Jeopardy! - Netflix

Jeopardy! is a classic game show -- with a twist. The answers are given first, and the contestants supply the questions. Three contestants, including the previous show's champion, compete in six categories and in three rounds (with each round's "answers" being worth more prize money).

Contestant images from 2015 onwards are provided courtesy of Fikkle Fame.

Jeopardy! - Netflix

Type: Game Show

Languages: English

Status: Running

Runtime: 30 minutes

Premier: 1984-09-10

Jeopardy! - Double jeopardy - Netflix

Double jeopardy is a procedural defence that prevents an accused person from being tried again on the same (or similar) charges and on the same facts, following a valid acquittal or conviction. As described by the U.S. Supreme Court in its unanimous decision one of its earliest cases dealing with double jeopardy, “the prohibition is not against being twice punished, but against being twice put in jeopardy; and the accused, whether convicted or acquitted, is equally put in jeopardy at the first trial.” If this issue is raised, evidence will be placed before the court, which will normally rule as a preliminary matter whether the plea is substantiated; if it is, the projected trial will be prevented from proceeding. In some countries, including Canada, Mexico and the United States, the guarantee against being “twice put in jeopardy” is a constitutional right. In other countries, the protection is afforded by statute. In common law countries, a defendant may enter a peremptory plea of autrefois acquit (formerly acquitted) or autrefois convict (formerly convicted), with the same effect. The doctrine appears to have originated in Roman law, in the principle non bis in idem (“an issue once decided must not be raised again”).

Jeopardy! - European Convention on Human Rights - Netflix

The provisions of the preceding paragraph shall not prevent the reopening of the case in accordance with the law and penal procedure of the State concerned, if there is evidence of new or newly discovered facts, or if there has been a fundamental defect in the previous proceedings, which could affect the outcome of the case.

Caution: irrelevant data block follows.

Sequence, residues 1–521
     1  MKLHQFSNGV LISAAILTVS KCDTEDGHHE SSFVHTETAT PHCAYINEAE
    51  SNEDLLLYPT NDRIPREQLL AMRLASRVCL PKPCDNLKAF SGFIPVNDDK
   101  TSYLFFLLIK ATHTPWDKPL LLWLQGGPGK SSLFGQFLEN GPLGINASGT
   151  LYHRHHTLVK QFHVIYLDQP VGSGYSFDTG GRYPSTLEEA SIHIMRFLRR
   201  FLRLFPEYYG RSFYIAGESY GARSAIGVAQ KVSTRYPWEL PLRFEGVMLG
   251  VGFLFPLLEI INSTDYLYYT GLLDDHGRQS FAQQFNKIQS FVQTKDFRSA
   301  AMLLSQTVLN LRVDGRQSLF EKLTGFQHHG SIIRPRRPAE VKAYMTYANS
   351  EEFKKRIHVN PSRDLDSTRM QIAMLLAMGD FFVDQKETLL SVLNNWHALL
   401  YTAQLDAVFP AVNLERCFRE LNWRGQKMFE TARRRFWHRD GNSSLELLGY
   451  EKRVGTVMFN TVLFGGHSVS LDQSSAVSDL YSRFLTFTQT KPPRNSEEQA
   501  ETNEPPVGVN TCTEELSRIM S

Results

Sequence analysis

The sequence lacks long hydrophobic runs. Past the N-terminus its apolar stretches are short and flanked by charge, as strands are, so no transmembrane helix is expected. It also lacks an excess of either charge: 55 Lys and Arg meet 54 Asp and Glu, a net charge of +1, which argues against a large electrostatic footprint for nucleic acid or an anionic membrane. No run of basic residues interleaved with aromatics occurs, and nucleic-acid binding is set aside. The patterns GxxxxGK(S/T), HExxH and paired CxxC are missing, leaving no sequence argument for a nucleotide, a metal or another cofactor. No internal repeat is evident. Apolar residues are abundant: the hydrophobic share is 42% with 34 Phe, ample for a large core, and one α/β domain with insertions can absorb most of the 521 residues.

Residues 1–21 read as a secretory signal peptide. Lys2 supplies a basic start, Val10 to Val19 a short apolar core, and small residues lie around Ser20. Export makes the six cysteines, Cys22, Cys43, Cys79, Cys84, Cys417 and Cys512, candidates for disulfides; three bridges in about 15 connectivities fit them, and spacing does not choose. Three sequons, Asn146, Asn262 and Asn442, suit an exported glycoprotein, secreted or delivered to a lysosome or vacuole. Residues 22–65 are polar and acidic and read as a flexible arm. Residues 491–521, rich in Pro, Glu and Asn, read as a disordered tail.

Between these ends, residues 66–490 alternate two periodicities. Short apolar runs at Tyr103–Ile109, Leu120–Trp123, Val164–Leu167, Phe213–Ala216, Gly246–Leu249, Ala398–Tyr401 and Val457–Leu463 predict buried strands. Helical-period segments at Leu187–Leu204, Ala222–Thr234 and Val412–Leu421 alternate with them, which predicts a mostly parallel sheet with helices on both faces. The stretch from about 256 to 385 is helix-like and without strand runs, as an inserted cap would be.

In many European countries, the prosecution may appeal an acquittal to a higher court. This is not regarded as double jeopardy, but as a continuation of the same case. The European Convention on Human Rights permits this by using the phrase “finally acquitted or convicted” (emphasis added) as the trigger for prohibiting subsequent prosecution.

All members of the Council of Europe (which includes nearly all European countries and every member of the European Union) have adopted the European Convention on Human Rights. The optional Protocol No. 7 to the Convention, Article 4, protects against double jeopardy: “No one shall be liable to be tried or punished again in criminal proceedings under the jurisdiction of the same State for an offence for which he or she has already been finally acquitted or convicted in accordance with the law and penal procedure of that State.” This optional protocol has been ratified by all EU states except two: Germany, and the Netherlands. In those member states, national rules governing double jeopardy may or may not comply with the provision cited above. Member states may, however, implement legislation which allows reopening of a case in the event that new evidence is found or if there was a fundamental defect in the previous proceedings:

Jeopardy! - References - Netflix